Written on the Body is the perfect mix of love withouth boundaries and philosophical thinking. It explores the complex relationship of a genderless protagonist with loved ones, the world, and the body. One of my favorite books ever!
This book reads as a novel, but it's a recollection of fragments of sixteen days in the olimpics that took place in Berlin under Hitler. You'll get the whole picture, from famous people who helped in music, organization, athletes, artists, to the lifes of germans who were neighbors of this event, where symbolic and out of protocol things happened.
What's important in translation? What matters the most, the significance or the loyalty to the words? In this great essay book, Polizzotti guides us through how translation works, how it's infamy started and how we can read and understand translated works in an efficient way, without thinking it's difficult or wrong. Polizzotti breaks the stigma that translation is a way of being a "traitor", but as a connection to get to know other writers and cultures.
Hard but beautiful poetry that will make anyone understand the struggle of being an immigrant.
Mars Room tells the story of a group of people in jail, especially the one of a woman who kills a man and gets two life sentences, plus six years. Kushner writes about how the justice system works, the structures of power in jails and the tools to survive inside.
A window to a parisian past with writers, painters, and artists all around, in the eyes of Alice Toklas, but with the words of Gertrude Stein. A book that makes you wish you could travel in time and have a conversation with everyone named here.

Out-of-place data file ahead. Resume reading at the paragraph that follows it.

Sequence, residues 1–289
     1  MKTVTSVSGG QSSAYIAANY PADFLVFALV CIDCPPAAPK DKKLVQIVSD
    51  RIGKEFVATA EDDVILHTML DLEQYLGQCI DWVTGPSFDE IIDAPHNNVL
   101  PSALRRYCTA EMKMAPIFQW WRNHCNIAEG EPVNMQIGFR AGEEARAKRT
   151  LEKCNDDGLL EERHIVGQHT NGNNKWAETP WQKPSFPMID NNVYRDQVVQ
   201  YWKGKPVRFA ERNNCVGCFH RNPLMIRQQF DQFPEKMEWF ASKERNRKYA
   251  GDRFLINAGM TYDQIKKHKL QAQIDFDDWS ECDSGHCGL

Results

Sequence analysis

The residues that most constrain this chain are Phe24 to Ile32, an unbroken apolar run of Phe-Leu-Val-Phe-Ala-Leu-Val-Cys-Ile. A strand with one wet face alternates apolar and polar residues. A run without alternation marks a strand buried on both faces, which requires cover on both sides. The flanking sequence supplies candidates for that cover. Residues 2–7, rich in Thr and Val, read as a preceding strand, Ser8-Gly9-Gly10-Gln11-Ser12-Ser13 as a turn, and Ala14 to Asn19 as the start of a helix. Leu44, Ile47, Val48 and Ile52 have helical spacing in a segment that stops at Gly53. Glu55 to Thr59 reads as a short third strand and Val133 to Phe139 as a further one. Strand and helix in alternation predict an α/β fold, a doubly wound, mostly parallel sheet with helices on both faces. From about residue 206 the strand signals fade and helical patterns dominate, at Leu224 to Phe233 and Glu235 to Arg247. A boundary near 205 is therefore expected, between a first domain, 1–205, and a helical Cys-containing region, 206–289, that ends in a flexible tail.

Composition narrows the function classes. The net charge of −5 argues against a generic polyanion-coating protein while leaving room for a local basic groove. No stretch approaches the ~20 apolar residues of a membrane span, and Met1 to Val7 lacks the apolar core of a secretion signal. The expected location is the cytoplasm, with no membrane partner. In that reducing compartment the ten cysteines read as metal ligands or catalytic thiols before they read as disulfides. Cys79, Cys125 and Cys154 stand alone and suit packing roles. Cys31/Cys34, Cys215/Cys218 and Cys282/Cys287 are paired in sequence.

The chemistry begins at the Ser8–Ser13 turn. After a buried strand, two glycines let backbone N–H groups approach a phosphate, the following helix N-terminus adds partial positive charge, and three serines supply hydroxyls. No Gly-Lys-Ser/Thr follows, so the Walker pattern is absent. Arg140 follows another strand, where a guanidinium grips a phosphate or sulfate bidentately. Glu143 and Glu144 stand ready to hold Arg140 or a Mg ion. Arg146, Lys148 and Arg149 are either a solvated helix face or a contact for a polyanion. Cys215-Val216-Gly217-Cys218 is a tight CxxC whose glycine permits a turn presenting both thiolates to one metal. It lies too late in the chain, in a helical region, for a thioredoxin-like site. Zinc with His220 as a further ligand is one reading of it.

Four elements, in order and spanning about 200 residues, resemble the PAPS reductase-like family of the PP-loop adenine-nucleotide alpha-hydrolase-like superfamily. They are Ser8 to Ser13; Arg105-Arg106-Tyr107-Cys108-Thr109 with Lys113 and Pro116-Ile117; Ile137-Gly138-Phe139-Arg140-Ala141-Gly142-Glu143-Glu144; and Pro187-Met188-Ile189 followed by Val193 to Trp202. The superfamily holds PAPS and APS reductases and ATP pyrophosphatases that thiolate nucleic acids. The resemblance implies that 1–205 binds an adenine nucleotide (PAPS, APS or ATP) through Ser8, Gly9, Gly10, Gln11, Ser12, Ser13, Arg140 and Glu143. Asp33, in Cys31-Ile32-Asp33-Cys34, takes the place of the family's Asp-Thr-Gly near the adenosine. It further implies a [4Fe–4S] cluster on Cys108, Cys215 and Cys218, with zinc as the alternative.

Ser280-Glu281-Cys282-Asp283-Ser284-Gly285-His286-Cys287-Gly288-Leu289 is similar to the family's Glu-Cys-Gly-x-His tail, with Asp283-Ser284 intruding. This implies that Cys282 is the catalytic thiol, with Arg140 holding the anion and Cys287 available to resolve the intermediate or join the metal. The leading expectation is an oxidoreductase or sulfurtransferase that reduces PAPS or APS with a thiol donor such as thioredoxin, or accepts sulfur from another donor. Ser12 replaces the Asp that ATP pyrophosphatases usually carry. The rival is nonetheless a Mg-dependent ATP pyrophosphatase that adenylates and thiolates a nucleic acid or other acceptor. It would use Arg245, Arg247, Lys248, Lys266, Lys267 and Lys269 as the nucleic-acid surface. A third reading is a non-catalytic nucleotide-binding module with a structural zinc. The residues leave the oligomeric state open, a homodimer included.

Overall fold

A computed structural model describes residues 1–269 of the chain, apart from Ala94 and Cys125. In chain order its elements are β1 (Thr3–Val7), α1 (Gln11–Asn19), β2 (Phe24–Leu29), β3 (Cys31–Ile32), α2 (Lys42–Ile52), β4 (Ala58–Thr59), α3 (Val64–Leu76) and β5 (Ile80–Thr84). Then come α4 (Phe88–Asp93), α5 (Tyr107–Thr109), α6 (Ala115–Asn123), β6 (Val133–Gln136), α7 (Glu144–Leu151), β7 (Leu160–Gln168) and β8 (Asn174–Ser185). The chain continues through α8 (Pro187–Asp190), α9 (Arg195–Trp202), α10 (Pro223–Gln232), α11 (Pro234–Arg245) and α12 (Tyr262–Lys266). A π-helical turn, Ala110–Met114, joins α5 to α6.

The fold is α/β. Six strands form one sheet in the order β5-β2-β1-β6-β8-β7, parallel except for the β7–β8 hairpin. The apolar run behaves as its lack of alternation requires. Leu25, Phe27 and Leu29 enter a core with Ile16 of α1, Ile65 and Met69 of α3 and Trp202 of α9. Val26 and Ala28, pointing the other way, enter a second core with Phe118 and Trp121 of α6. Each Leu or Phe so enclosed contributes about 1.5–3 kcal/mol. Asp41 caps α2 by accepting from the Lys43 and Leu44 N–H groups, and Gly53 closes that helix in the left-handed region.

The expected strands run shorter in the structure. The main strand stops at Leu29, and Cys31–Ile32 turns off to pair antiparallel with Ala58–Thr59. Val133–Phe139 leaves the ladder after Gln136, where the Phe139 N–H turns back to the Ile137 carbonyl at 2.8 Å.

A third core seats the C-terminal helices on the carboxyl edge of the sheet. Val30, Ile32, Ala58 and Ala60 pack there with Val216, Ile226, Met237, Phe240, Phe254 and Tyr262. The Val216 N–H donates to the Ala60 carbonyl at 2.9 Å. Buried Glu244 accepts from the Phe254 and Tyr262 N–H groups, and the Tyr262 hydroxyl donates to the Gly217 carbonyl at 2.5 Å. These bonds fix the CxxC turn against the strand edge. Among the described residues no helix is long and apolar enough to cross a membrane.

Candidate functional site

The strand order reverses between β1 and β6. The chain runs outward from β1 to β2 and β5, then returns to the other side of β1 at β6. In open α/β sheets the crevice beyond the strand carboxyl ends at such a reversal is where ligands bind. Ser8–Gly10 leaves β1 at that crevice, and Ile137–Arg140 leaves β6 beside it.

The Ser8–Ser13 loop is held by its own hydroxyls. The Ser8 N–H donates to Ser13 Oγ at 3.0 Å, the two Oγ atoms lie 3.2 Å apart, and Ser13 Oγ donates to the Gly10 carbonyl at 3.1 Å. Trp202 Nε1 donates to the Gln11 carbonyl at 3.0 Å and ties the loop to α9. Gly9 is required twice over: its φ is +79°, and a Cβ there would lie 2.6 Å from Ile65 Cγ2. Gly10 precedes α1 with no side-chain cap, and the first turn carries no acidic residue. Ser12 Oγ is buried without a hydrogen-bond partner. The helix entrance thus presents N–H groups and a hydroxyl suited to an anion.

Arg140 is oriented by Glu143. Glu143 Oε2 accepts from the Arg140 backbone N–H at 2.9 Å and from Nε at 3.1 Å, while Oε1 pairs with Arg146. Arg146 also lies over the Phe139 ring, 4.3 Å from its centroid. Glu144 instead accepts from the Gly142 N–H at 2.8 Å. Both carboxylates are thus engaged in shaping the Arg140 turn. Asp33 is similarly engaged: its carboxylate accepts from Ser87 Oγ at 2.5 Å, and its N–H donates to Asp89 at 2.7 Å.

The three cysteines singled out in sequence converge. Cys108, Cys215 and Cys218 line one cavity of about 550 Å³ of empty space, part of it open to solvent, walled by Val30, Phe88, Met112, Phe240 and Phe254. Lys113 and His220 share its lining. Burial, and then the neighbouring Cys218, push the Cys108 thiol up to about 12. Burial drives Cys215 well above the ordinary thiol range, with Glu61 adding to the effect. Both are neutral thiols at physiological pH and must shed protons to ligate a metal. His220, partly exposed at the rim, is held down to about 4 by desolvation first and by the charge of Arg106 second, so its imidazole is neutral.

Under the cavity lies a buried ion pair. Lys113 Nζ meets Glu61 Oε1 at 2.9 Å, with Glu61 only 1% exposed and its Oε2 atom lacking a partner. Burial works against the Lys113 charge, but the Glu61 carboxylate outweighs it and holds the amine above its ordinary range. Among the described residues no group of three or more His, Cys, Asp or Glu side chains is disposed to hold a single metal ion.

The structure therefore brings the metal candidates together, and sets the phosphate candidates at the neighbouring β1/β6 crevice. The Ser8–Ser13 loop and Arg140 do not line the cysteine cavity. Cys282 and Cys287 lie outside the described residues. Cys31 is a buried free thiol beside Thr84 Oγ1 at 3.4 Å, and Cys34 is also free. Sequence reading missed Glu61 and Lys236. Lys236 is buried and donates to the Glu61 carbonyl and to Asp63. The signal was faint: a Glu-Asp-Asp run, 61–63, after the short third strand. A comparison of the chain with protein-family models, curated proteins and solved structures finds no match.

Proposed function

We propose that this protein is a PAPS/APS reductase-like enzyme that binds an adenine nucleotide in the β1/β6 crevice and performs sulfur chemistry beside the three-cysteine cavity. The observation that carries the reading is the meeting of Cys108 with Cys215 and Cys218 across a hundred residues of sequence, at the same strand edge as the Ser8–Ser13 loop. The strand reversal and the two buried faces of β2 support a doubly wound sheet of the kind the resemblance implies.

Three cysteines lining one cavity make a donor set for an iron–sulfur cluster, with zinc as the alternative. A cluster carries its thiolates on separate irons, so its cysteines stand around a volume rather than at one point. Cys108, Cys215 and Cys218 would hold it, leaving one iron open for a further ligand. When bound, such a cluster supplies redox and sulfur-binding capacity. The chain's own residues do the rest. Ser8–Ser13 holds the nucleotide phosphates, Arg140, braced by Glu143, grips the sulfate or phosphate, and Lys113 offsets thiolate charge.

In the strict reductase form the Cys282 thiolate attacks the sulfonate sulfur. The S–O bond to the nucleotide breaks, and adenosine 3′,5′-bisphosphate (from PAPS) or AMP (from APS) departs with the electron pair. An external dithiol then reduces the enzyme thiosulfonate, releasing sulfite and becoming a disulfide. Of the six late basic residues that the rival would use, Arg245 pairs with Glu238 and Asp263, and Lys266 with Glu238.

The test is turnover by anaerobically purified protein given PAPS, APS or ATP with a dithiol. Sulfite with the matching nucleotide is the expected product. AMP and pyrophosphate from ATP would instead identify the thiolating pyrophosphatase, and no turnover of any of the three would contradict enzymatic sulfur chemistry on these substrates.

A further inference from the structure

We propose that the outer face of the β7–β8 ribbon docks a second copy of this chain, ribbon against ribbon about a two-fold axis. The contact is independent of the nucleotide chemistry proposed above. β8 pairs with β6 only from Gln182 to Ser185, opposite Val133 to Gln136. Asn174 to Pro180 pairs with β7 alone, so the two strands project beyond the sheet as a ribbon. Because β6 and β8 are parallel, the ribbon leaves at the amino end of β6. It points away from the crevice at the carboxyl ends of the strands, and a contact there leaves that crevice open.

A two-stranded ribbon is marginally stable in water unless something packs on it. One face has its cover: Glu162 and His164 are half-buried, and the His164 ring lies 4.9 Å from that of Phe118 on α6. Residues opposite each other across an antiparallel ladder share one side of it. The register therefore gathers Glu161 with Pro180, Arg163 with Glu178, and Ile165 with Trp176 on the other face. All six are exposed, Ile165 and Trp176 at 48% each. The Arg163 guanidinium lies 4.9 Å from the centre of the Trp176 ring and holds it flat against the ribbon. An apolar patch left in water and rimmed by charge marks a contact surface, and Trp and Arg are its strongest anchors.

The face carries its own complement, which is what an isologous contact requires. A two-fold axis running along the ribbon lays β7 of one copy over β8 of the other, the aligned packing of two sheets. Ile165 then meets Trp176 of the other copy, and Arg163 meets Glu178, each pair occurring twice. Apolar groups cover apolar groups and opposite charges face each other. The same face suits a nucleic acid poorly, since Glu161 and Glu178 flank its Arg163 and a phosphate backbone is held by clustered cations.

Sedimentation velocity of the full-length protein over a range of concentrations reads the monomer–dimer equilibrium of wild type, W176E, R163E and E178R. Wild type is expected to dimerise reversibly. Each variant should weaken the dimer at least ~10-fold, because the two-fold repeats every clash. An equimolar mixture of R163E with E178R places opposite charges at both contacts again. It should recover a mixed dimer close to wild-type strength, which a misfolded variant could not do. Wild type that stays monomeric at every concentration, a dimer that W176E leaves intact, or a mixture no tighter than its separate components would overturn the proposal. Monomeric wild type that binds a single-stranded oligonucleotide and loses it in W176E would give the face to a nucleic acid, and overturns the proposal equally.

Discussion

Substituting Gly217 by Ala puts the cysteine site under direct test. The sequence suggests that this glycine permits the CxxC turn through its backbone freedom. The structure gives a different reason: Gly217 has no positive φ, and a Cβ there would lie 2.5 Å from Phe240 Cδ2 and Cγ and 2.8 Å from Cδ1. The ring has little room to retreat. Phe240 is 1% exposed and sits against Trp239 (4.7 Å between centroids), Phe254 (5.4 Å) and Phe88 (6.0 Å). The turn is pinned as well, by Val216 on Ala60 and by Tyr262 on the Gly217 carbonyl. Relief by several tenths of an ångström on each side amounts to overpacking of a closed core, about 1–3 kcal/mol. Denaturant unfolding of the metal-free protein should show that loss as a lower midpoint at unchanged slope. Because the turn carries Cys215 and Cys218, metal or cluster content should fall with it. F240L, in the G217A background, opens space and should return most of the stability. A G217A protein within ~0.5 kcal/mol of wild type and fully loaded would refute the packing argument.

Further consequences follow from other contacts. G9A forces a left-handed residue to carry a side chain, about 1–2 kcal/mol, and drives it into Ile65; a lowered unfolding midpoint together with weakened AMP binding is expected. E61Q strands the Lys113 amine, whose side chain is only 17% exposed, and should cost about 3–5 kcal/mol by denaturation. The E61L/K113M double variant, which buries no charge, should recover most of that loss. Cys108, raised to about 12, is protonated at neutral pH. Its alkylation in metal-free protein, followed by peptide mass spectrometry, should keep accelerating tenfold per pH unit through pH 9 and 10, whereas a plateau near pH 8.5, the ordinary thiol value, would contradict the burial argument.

Sonnets are considered to be a classic form in poetry, and therefore, not frequently used. In Miami Century Fox, Iglesias takes the traditional form and gives it a twist talking about current issues taking place in Miami.
One of the most interesting and sincere biographies I've read, Lubow writes about her upbringing, why she took pictures, the relationship she created with her subjects and her amazing way of showing the unseen.
Old mythology in a new world can and will be conflictive in American Gods. In this great novel, there's a clash between the old gods and the new gods. You'll lern about mythology, how myths survive, stories inside stories, and somewhere along a love story with Gaiman's amazing narrative. Also, check out the series and graphic novel!
A recollection of stories told on a a current topic that affects us all. A little hard, hits home, and a must-read to understand about consent and the #metoo movement.
Mostly known for the portraits she took of her children, Mann in this book recovers light and spaces. Provocative and poetic pictures from a great contemporary photographer.
Love, detachment, and the desire of finding a place to belong, are some of the topics of this sublime poetry book. I love how Jin describes the feeling of being homesick for a place that doesn't exist, and the value of things that surround him.